The University of Hertfordshire (UH) is the UK's leading business-facing university and an exemplar in the sector. It is innovative and enterprising and challenges individuals and organisations to excel. UH is a modern university based largely in Hatfield, in the county of Hertfordshire, about 35km north of London. Described as “the UK’s leading business-facing university”, UH has more than 25,000 students enrolled from nearly 90 different countries. UH won the Guardian University Award for Student Experience in 2015, while 95.2% of University students are in work or further study six months after graduating. The University has many close links with industry, and every British Formula One team has at least one UH graduate. Degrees in healthcare science and the pioneering paramedic science BSc make UH a preferred provider for the NHS in the east of England and the Universities Careers and Placements Service offers graduates lifelong support on employment and career development.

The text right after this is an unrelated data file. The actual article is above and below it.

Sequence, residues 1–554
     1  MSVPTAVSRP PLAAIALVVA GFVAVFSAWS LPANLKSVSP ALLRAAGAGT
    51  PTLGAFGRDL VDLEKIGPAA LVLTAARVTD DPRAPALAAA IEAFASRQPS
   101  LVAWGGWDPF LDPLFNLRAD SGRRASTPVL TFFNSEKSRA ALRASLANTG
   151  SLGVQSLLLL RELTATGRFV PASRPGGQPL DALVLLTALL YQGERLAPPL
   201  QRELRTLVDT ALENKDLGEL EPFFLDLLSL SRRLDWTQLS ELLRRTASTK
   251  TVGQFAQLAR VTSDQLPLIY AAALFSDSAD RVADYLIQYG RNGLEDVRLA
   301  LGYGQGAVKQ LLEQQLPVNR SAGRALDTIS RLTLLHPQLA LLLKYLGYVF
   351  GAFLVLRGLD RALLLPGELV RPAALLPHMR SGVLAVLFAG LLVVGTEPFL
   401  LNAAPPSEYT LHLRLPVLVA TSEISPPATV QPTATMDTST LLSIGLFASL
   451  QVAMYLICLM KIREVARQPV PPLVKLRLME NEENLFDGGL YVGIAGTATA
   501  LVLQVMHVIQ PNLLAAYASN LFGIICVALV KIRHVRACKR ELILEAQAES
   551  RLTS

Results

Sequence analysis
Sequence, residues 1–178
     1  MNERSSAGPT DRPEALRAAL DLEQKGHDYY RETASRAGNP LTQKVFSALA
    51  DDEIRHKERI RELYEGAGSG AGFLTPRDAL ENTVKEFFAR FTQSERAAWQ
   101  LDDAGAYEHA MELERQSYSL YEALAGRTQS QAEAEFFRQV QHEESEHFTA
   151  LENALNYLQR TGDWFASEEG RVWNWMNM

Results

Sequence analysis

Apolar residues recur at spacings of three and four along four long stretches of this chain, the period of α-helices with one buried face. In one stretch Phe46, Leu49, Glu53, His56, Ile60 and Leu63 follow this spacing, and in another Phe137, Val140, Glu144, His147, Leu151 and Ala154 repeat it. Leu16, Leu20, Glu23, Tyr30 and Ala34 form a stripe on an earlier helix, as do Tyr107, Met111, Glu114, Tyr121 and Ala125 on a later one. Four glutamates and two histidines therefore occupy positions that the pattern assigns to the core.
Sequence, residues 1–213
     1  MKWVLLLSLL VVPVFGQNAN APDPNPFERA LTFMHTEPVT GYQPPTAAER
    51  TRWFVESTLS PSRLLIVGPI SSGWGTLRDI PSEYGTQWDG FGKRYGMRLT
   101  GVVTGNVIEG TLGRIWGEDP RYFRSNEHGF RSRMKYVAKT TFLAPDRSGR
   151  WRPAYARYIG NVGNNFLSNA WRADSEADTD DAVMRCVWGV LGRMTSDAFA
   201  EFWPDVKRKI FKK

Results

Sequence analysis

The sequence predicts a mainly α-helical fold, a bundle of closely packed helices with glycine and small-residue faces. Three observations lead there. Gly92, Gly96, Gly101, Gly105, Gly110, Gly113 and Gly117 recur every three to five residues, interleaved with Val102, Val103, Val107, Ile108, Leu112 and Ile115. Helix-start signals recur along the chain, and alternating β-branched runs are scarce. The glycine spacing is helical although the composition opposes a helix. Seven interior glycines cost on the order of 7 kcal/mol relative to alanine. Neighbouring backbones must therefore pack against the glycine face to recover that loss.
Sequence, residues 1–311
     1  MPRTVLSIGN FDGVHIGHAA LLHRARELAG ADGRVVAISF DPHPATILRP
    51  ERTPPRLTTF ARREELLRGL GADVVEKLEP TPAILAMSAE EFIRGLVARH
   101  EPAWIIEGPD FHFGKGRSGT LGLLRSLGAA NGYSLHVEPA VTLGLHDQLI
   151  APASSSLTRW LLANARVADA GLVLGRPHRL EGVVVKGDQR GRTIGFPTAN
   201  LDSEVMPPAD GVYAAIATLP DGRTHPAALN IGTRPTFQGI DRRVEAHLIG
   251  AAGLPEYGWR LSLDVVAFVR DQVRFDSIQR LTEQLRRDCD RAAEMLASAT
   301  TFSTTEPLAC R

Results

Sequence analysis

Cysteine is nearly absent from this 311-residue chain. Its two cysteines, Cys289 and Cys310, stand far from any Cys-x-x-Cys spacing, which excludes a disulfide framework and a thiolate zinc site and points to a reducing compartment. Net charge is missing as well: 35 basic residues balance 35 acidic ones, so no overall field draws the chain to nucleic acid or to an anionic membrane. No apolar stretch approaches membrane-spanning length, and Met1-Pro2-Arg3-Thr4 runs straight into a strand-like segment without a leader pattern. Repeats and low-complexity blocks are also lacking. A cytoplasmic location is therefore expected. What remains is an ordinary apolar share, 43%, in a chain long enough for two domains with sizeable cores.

Dr Wenbin Zhang: Dr Wenbin Zhang is currently a Senior Lecturer in School of Engineering and Computer Science in University of Hertfordshire. He obtained both Bachelor and PhD of Engineering from State Key Lab of Coal Clean Combustion technology (SKLCCC), Dept. of Thermal Engineering, Tsinghua University in China. He had been working as a Research Fellow in Tokyo University of Agriculture and Technology, University of Birmingham, University of Nottingham and University of Warwick. He is an invited reviewer for around 10 international scientific journals and EPSRC/Horizon Europe fund applications, and also an editorial board member of International Journal of Energy and Power Engineering, Energies and IntechOpen Publishing. He is a Fellow of Higher Education Academy of UK. He holds academic memberships of World Society of Sustainable Energy Technologies (WSSET), and UK Carbon Capture and Storage Research Centre (UKCCSRC). He has been actively involved in 6 large EPSRC projects on carbon capture, biomass gasification and heat pumps. His main research areas are: Carbon capture using solid sorbents and fluidized bed technology; BECCS (Bio-energy with Carbon Capture and Storage), Direct Air Capture; Process simulation of power plant and industrial systems integrated with thermal energy storage and carbon capture; Efficient energy systems such as CHP and heat pump/engine; Gasification, carbonization, pyrolysis and combustion of biomass materials and wastes.